The President's Speech

Though this evening's address is supposed to be nothing more than a speech to a joint session of Congress, there's no disguising it's really a speech to the American people.

Reading some of the excerpts prior to speech, it sounds more like a campaign stump speech.

An example:
“Now is the time to act boldly and wisely – to not only revive this economy, but to build a new foundation for lasting prosperity. Now is the time to jumpstart job creation, re-start lending, and invest in areas like energy, health care, and education that will grow our economy, even as we make hard choices to bring our deficit down. That is what my economic agenda is designed to do, and that’s what I’d like to talk to you about tonight.”
“Build a new foundation for lasting prosperity.” OK, what foundation? We already know he really doesn't like capitalism. Is this new foundation really an old one – socialism? Over the past few decades we've certainly seen plenty of examples of socialism's failure to provide any kind of prosperity.
“In the next few days, I will submit a budget to Congress. So often, we have come to view these documents as simply numbers on a page or laundry lists of programs. I see this document differently. I see it as a vision for America – as a blueprint for our future.”
A budget as “a vision for America”? Hmm. I could have sworn a budget was something that listed what was going to be spent and where the funds are supposed to come from.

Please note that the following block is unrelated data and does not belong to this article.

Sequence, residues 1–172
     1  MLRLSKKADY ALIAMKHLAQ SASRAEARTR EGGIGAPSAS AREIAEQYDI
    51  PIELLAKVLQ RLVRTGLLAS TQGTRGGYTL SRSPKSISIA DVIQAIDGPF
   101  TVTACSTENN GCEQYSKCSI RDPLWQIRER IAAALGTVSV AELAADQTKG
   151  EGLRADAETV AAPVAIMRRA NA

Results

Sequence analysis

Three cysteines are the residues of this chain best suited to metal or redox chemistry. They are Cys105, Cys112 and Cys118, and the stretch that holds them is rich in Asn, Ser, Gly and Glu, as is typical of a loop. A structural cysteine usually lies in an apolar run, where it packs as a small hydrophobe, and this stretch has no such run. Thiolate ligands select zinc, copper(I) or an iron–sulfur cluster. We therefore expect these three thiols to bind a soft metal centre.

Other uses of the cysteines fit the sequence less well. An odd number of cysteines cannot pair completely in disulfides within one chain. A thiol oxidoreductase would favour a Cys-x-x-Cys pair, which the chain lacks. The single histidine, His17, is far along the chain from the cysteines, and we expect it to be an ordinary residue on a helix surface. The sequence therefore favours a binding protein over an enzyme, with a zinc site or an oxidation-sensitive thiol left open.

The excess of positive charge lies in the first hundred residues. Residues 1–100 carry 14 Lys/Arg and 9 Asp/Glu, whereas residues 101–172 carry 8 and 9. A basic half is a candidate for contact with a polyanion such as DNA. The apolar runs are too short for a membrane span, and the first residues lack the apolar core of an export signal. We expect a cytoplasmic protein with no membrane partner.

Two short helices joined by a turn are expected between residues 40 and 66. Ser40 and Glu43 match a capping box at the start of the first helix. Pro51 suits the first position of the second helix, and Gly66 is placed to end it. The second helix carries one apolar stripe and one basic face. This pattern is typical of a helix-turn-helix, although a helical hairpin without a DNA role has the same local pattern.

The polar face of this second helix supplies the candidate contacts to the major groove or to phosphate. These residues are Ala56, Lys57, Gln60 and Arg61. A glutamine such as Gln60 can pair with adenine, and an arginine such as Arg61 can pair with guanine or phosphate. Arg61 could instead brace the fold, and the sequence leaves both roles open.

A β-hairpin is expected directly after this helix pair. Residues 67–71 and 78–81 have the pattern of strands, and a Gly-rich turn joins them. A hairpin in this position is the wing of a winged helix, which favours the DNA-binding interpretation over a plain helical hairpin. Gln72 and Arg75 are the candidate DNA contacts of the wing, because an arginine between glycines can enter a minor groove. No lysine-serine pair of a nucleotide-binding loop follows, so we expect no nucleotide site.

President Obama did bring up a number of valid points, including banks' reluctance to lend money to businesses, consumers, and each other. Lack of lending is a choke point for any kind of economic recovery.

But he also slammed CEO's, telling them the days of corporate perks are over. Basically he's telling them that the government will decide what they'll be paid.

When he promised to push Congress to pass new economic regulations to replace the old ones, you could see Nancy Pelosi jump to her feet to applaud this move. Somehow I doubt that these new regulations bode well for our economy, for if Nancy Pelosi is for them we can be sure they will not be business friendly.

Pushing for a restrictions on carbon emissions sounds like a great idea, but it's become obvious he hasn't seen that such a program will end up hurting economic recovery by choking off energy sources. Not a wise move.

He did mention 'comprehensive health care', the high cost of that health care, and the importance of
'doing something'. But he failed to mention that government is one of the driving forces behind rising costs.

He also brought forth his plans for education.

Education is a wonderful thing. But he implied that because half of those attending college never graduate, the education system has failed. In a way, he's right. Many of those that end up going to college don't belong there. Instead many of them should have gone to a vocational school or an apprenticeship program. A college degree is no guarantee of success. We have far too many college graduates that leave school with an incredible amount of debt, yet cannot find jobs in their fields of study.

In general, education is a necessary thing. But we must make sure that the education our children receive is the right one. Just throwing money at the problem doesn't create a good educational system. All it creates is a large bureaucracy that has little to do with actually educating our citizens.

The President made a number of good sounding points, but the question is how many of them were sincere, how many were window dressing, and how many of them will do more damage than good?

Only time will tell.

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